Our Danny Petoskey

The anniversary of his death is the cruelest fishhook. Yanking us back, violently. When the days turn crisp, as they have now, when summer fades and autumn crawls into our tiny farming town—that’s when we most grieve our fallen classmate. One year we tried to ignore the date, but the hook came anyway and somehow was even more brutal. So now we meet it head on: we make a day of it. The downtown is strewn with somber-black ribbon. Coffee is shared and then, later, whiskey. We pass the yearbook, we muse, we moan. If a stranger such as you wanders by, the story is told in fullest detail.

            Remembering is honoring, isn’t it? We pray so. Here’s what happened.

            Danny Petoskey, star quarterback at our high school, sunny-smiled, popular but sensitive, with a quirkily endearing love of sculpture and origami, was widely predicted to be voted homecoming king over the two other nominated seniors. When Greg Putnam, the stringy-haired soccer captain, was announced during Friday pep rally as the winner, and cruised unsurprised and high-fiving down the gym bleachers, Danny visibly slumped. His disappointment, no doubt, was a contributing factor to his uncharacteristically poor performance in the homecoming game the next day. After the team’s defeat, 0-17, with no completed passes and several interceptions, his teammates told him not to sweat it but Danny only winced. Shame puffed his eyes. He told his dance date, Becky Tompkins, a color guard flag-spinner, that he had to cancel, then went to the liquor store and filched a bottle. He disappeared into the woods, drinking, staggering around, making origami out of litter scraps, finally arriving home on Sunday morning reeking of vomit and pinecones.

            Mr. and Mrs. Petoskey, loving but strict parents, made a bold and perhaps overreacting move. Given a few previous minor drinking episodes and now this major one, they decided to admit Danny to a teen rehab in the city. The facility, the only one that would take him on short notice, verged on ramshackle. Danny, bleary-eyed, silent with shock, lurched through the grimy halls, going in a daze to group therapy, to psychiatric testing. In his free hours, he sat mutely in the dayroom while Herbie, another patient, ranted about government conspiracies. Shock faded. Sadness bloomed. When Becky Tompkins, showing up on visitors day, delicately mentioned that Greg Putnam had been suspended for stuffing the ballot box, Danny merely shrugged. Then came the results of the psychiatric tests and a fresh shock: Danny was schizophrenic. His parents, aghast, not knowing what else to do, initiated the paperwork for his transfer to a mental asylum. Danny became vocal, objecting vociferously, insisting that hell no he didn’t hear any strange voices, or see any weird visions, were they freaking kidding, but rehab staff took this as a sign of psychotic aggression and quickly administered a shot of sedative.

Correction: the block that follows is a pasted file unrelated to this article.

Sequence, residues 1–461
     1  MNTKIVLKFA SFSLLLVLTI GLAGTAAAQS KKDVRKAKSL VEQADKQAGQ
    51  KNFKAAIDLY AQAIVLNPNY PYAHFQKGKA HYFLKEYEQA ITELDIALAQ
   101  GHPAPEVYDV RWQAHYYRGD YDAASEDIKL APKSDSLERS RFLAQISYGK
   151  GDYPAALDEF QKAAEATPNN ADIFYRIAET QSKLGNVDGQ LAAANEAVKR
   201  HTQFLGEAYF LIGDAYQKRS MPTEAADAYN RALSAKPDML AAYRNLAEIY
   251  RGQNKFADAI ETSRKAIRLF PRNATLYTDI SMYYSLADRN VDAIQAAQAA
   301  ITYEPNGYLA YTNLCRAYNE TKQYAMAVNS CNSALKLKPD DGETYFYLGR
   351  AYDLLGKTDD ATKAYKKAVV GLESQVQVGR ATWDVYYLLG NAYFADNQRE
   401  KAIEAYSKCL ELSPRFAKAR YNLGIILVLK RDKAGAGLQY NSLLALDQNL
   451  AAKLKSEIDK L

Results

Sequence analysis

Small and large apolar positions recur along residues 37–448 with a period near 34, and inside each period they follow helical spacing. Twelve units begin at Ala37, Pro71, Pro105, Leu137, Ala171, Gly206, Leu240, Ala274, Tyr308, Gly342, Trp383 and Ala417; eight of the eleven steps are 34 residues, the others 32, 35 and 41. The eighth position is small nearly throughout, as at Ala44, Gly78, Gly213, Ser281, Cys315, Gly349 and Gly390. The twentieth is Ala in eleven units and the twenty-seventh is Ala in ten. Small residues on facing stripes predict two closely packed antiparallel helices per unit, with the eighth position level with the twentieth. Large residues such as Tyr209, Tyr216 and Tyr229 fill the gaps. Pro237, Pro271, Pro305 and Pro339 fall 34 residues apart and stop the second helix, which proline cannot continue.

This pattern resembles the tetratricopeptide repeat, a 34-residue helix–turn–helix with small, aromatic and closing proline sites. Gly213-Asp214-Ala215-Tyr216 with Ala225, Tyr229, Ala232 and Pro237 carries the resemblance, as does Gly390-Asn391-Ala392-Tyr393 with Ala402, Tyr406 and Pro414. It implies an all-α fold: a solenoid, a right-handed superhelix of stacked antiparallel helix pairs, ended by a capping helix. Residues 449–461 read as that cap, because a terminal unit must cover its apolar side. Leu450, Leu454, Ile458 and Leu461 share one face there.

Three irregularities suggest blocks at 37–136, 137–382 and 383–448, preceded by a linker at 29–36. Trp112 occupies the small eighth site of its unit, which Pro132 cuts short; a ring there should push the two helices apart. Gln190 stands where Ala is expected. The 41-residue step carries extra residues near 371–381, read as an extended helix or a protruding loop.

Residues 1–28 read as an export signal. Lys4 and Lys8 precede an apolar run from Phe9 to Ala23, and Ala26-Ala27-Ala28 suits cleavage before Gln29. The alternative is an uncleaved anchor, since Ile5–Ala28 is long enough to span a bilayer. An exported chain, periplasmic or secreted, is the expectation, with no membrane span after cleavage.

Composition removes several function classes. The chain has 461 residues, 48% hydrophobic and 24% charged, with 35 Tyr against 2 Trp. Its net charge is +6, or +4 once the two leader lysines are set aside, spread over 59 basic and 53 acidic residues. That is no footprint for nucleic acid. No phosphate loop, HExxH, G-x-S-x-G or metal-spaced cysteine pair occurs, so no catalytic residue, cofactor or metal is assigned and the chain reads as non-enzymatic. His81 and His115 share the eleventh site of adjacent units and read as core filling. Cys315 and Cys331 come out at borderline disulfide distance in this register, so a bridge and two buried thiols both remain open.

We pause at this point, always. For a deep breath. For a gulp of whiskey. Because even now, after all these years, we ache for Danny. How scared he must have been! How lonesome! We feel like screaming, in anger, in sympathy, in protest. Stranger, we confess it: sometimes we do scream. Oh, Danny! we cry. Stay strong! Hold on for just one more day. But the past is a bushel of corn gone bad, the crunchy-sweet ripeness turned sour and maggoty and rotten. The past can be avenged, maybe, but never can it be reversed.

            Rehab staff discovered Danny’s body curled up and bled dry on the floor of his room. He had sliced deep into his wrists with the tip of a wire hanger. The gouges were gruesome. The hanger was fully straightened but with one end partially spiraled, as if Danny had started it as a soothing art project but soon got other ideas. Mr. and Mrs. Petoskey, hearing the news over the phone, pooled to the kitchen floor, sobbing. When Becky Tompkins and her color-guard friends, buzzing through the halls like happy bees, heard the news on the school’s loudspeakers, their bright, rosy faces went starkly ashen. The cruel kicker arrived the very next day: Danny’s psychiatric results were wrong. Or rather, they were right but not for Danny. Somehow he had been mixed up with ranting Herbie, whose parents had been vastly relieved to hear that Herbie was relatively normal.

            The fallout was a hard stupid rain. Mr. and Mrs. Petoskey, dear friends to our parents, abruptly moved away. We sent nasty letters to the rehab, even to Herbie, that left us feeling pleased and ashamed. When Danny’s teammates cornered ballot stuffer Greg Putnam outside the pool hall, Putnam fought back viciously and injured them as badly as they injured him. Many argued for further retribution, but Becky Tompkins intervened, waving her color-guard flag at them in fierce warning, saying that you can’t get even with fluky fate, don’t be stupid, leave it the heck alone. Still, as the decades pass, even the most reasonable among us, even Becky, have grown more enraged. But who with? We don’t know! At last year’s ceremony, we drove a new car into a brick wall. This year, we plan to douse a ripe wheat field in gasoline and burn it to ashes. Our lives are ashes. None of us has a good job or a stable marriage. The glow of our cherished past, our beloved Danny, holds us in sick thrall. Even summer makes us sad. We’ll be lost wasps forever.


Mark Benedict is a graduate of the MFA Writing program at Sarah Lawrence College. He has previously published in Columbia Journal, Hobart Online, and Menacing Hedge.

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